Cassia’s character is so beautifully defined by her family, all of them rebels in their own, quiet way. Hers isn’t the only defiance, just the one being measured, but they all have consequences that ripple through to others. By watching her parents, her grandfather, Cassia learns about the kind of defiance born of love, and the kind born of longing, even the kind that takes the form of obedience. She’s caught in so many ways, her eyes suddenly open to so many new- and often terrifying- things that she had to make a conscious choice “before the chance to glimpse what was lost distracted me from what must be found”.

One of the most powerful things that cycles through the story is the question of love. Does it matter why you noticed someone if the love is real? Does that reason taint it in some way? “Is falling in love with someone’s story the same thing as falling in love with the person himself?” How can people take opposite actions for love of the same thing? And there aren’t answers, can never really be answers, because they’re the same questions we’ve been struggling with for centuries.

Even more than love, even more than the need to create, the matter of choice dominates this book. The desire to choose, the freedom and ability to choose, to be. It doesn’t even matter if our choice would be exactly the same as what was chosen for us; what matters is that we should be the only ones to make those choices. Even when it brings pain and uncertainty, even when the life we choose is so much harder than what we could have been given. The choice is what’s essential.

As with any stunningly wrought conflict, my heart breaks for those accidentally caught up in it, those hurt or even shattered by things so far beyond them they may not even recognize it. It just makes it so much harder when they’re genuinely good people that you want to cheer for. People get caught in the crossfire; that we feel as deeply for them as we do for Cassia is both astonishing and astounding.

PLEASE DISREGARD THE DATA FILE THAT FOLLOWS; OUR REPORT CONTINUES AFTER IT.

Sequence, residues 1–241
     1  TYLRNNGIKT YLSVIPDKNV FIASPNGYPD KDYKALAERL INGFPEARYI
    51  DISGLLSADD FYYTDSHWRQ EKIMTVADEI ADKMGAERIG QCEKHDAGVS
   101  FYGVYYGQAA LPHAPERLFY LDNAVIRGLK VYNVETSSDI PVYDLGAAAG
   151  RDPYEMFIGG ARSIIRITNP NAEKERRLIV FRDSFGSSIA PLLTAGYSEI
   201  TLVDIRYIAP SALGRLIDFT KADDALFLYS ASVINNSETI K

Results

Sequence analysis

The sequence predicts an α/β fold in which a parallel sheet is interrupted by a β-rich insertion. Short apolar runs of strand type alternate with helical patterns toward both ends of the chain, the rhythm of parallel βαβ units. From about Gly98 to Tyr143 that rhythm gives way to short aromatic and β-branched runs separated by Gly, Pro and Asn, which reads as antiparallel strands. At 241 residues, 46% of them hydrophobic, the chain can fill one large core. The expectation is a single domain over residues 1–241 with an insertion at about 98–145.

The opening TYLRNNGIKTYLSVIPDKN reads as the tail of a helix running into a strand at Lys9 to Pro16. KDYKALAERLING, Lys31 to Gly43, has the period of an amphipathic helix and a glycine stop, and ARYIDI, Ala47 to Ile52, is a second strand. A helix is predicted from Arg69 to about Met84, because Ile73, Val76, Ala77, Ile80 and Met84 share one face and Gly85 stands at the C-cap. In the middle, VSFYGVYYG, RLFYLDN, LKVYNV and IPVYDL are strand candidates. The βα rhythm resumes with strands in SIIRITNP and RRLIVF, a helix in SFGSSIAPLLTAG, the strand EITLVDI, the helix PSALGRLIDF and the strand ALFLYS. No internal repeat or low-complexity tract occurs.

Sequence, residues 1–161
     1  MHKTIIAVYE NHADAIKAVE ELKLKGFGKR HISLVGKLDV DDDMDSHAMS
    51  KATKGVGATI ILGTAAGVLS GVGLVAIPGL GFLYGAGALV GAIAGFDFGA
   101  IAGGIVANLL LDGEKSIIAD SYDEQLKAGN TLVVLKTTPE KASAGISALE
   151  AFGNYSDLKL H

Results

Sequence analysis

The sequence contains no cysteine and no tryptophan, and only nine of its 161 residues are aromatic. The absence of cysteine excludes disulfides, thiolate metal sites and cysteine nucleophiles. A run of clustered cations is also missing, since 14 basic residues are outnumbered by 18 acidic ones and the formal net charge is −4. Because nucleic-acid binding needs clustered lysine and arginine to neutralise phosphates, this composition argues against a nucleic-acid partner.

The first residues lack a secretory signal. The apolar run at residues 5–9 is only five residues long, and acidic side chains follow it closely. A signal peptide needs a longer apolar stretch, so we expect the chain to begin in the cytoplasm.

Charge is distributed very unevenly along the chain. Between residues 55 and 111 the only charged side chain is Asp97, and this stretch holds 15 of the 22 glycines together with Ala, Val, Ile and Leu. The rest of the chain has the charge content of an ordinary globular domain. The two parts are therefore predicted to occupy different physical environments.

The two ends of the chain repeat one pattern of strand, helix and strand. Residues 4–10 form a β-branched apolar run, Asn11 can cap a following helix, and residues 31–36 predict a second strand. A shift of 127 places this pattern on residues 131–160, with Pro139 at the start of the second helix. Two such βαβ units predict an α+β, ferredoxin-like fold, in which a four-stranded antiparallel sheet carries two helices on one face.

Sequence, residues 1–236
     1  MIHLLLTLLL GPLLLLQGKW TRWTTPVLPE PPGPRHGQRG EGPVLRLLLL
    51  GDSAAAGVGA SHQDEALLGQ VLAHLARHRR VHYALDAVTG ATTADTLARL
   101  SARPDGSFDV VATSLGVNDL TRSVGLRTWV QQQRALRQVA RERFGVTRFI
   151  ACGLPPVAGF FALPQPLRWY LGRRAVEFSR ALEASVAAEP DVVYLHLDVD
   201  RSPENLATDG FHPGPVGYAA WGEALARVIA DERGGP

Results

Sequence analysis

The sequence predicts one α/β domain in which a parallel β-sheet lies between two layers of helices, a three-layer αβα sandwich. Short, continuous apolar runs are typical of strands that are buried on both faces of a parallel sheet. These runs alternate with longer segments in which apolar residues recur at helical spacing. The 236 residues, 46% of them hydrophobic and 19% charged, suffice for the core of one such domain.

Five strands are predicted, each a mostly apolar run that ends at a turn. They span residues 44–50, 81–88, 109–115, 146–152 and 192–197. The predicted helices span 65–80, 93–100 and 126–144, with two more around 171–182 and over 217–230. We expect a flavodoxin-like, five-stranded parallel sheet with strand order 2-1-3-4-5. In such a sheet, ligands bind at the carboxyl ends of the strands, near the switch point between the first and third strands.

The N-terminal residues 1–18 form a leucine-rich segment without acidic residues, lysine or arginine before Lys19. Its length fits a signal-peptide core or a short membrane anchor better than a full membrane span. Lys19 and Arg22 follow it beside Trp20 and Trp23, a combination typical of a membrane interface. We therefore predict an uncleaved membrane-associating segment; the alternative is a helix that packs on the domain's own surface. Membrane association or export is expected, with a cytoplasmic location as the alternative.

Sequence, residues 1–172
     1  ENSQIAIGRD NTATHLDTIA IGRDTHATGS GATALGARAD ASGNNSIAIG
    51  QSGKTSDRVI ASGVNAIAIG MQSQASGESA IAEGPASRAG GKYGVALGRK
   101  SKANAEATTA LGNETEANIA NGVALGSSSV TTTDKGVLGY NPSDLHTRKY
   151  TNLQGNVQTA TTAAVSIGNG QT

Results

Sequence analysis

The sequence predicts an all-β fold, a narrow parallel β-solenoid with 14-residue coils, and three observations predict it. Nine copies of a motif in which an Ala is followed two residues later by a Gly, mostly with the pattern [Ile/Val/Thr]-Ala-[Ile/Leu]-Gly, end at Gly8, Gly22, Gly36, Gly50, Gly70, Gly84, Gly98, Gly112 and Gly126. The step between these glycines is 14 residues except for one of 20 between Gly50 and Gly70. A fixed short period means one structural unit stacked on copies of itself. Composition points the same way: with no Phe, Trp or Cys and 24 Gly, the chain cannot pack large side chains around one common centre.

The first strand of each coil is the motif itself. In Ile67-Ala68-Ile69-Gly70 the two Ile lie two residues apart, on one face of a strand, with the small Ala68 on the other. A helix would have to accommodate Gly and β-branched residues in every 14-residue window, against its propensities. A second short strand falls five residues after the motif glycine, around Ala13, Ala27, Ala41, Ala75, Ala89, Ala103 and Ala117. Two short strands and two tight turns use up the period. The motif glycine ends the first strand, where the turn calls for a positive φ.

This is easily one of my favorite books of all time, one that stays with me long after the book is closed and done. It isn’t just the story or the characters. Cassia’s poetry, the poet’s soul she doesn’t even realize she posseses, it haunting. It lingers like an old love song through an open window, the notes hovering in the stll night as every thought tries to discern if the nostalgia grows from memory or hope.

This book is, in a word, brilliant.

Interested in an autographed copy? Courtesy of the amazing Beth Revis, author of Across the Universe, Matched is one of five autographed books you can win. Contest ends March 21st, so be sure to check it out here.

Matched, by Ally Condie. Check it out.
Until next time~


  1. Vyki said,

    I agree with a lot of what you said. I thought this book was absolutely wonderful. I’m curious if it reminded you in part of Fahrenheit 451?

    • dothutchison said,

      In bits and pieces it did, but overall, it actually reminded me a lot of Lois Lowry’s The Giver, a book my fifth grade teacher used to read to us after lunch (when we were pretty much incapable of doing anything otherwise productive). Reading this and Lauren Oliver’s Delirium sequentially was quite an experience as well.

  2. Review: Matched | Absurdly Nerdly said,

    […] another review here, here, and here. Share this:MoreLike this:LikeBe the first to like this […]